September 18 marks the 24th anniversary of the military takeover of Myanmar in 1988. It was the third major military intervention in Myanmar’s political history since independence.

At that time, the country was still officially called Burma, the government changed it to Myanmar the following year.

The military’s first intervention was in 1958 when civilian prime minister U Nu invited the military to form a caretaker government, stabilize the country and hold general elections. The then army commander-in-chief, General Ne Win, acted as interim prime minister.

The military’s second major intervention was in 1962. Unlike the first intervention, it was a coup that ousted the democratically elected government. Prime minister U Nu was arrested along with his cabinet members and the national parliament was dissolved.

The 1988 military takeover marked the end of Ne Win’s authoritarian regime and the emergence of a generation of new military leaders in Myanmar politics.

How political transition took place is key to understanding the present dominant role of military in politics.

There is a clear pattern of how the military transformed itself from one form to another. First, the military ruled the country under the Burma Socialist Program Party (BSPP), then the State Law and Order Restoration Council (SLORC) with its official political party, the National Unity Party (NUP).

The SLORC government then transformed into the State Peace and Development Council (SPDC) with its political party, the Union Solidarity and Development Party (USDP). The SPDC was formally dissolved on March 30, 2011 after the inauguration of a new government led by president Thein Sein of the USDP on March 29, 2010.

Present situation Despite the military’s successive transformations, there has not been actual power transfer. The present government was established in accordance with the 2008 constitution, drafted by delegates selected by the military government.

Myanmar politics is shaped by the outcome of the 2010 general elections and the 2012 by-elections.

In 2010 elections, the USDP won in a landslide victory. In the 2012 by-elections, except for the disqualified candidate in Northwest Sagaing Region, NLD won in 43 out of the 44 seats it contested.

Despite NLD’s overwhelming electoral victory, the combined strength of all opposition groups in the parliament remains an insignificant force to challenge or threaten the USDP-led government.

All the three branches of government – executive, legislative and judicial, are dominated by former generals and military-backed USDP members. Some of the significant privileges of the military are the reservation of 25 percent of seats in parliament without election, the power to dismiss government in case of national emergency, and the requirement of more than 75% of votes in the parliament for any constitution amendment.

Moreover, all security-related ministerial portfolios such as defense, home affairs and border affairs are held by members of the USDP. The National Defense and Security Council is the most powerful executive branch of the government as enshrined in the 2008 constitution. The 2008 constitution also ensures immunity for generals regarding their past actions and human rights violations.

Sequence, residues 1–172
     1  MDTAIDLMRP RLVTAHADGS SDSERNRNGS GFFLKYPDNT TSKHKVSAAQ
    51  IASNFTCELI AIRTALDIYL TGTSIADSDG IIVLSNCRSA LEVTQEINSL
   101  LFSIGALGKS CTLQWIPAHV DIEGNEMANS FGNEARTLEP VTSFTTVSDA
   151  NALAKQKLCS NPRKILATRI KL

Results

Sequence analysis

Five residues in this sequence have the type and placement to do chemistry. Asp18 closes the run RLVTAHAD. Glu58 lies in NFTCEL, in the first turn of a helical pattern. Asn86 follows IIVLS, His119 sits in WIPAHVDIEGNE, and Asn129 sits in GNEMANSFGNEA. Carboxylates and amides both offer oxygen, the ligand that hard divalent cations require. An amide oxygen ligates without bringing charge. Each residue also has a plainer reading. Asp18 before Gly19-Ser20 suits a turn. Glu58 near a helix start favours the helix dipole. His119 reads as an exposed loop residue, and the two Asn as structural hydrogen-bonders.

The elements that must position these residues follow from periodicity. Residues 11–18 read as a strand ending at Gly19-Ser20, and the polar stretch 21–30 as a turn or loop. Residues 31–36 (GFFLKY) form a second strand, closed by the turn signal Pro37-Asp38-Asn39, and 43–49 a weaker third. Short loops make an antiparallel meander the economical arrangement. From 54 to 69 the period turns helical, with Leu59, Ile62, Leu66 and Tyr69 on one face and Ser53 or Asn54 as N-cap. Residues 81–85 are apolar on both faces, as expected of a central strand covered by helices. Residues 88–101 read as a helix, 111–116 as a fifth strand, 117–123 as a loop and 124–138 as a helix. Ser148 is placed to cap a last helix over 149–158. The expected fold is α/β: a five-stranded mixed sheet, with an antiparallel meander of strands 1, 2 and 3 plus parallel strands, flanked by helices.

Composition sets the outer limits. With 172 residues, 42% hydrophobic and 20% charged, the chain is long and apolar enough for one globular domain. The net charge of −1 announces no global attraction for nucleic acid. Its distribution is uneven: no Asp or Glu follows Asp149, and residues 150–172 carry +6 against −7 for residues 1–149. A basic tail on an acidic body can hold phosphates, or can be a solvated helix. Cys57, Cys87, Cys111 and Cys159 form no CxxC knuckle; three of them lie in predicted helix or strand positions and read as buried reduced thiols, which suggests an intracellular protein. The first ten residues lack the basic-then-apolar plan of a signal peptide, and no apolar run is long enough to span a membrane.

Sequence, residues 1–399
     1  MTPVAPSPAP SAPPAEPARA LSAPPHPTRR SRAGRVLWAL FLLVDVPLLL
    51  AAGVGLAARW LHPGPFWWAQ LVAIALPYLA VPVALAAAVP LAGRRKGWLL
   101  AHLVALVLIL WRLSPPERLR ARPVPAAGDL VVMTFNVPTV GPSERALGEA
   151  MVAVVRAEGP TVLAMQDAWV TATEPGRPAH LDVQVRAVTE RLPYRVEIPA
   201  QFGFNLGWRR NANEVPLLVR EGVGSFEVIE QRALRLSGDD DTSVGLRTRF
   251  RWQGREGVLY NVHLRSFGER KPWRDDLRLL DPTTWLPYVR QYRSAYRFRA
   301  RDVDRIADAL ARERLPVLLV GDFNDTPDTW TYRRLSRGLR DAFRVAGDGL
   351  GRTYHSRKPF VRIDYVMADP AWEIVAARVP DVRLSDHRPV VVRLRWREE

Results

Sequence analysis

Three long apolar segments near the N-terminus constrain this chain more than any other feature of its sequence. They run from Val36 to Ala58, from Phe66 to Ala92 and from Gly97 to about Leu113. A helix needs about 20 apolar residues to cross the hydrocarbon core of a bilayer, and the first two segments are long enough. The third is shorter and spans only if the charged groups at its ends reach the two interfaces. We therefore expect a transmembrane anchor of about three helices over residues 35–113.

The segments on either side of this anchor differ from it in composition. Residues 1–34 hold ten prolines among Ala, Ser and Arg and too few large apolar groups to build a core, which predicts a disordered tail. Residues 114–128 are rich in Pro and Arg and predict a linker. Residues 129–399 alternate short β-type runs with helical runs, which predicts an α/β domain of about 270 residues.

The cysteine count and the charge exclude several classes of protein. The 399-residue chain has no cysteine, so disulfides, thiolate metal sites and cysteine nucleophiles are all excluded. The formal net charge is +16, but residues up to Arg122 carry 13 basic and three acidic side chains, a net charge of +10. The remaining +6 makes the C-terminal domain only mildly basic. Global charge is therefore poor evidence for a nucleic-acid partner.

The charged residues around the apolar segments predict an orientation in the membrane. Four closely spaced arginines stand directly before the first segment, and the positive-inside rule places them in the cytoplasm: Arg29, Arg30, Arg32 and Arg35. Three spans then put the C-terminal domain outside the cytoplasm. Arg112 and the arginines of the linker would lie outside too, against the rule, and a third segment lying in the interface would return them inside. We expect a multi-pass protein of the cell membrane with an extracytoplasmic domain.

In July this year, the parliament formed a 109-member committee to review some of the major concerns of the country’s constitution in view of the upcoming general elections in 2015. The committee includes lawmakers from the NLD, USDP and representatives from the 25% of seats allotted to the military.

The committee, among other things, attempts to address two pressing electoral concerns – removing or modifying the clause that prevents Aung San Suu Kyi from becoming the country’s president, and allowing states to choose their own chief ministers.

The committee will submit a report on its findings to the parliament before December 31.

Future prospects Despite the ongoing tangible democratic reforms, it is still early to suggest that the process is irreversible.

The government has reached cease-fire agreements with a majority of the armed groups, but there is no guarantee for an amicable political settlement with ethnic minorities on the question of autonomy.

Moreover, there is no guarantee that the present quasi-civilian government will amend the 2008 constitution to remove the inherent role of the military in politics.

There is uncertainty regarding whether the 2015 election will be free and fair. There is also no guarantee that the constitution that guarantees 25% of parliament seats to the military will be amended.

There is every reason to be optimistic about the democratic reforms, but given the nature of Myanmar’s historical problems and the inherent role of its military in politics, there are also reasons to be critical about long-term solutions.

Though it is still premature to predict the possible outcome of the constitution review committee and how the military-backed USDP will approach the 2015 general elections, one thing is certain: the military intends to remain an integral element and play a vital role in Myanmar politics, at least for the foreseeable future.

The author is general secretary of the US-based Kuki International Forum. His research focuses on the politics of South and Southeast Asia, with a concentration on Burma/Myanmar.

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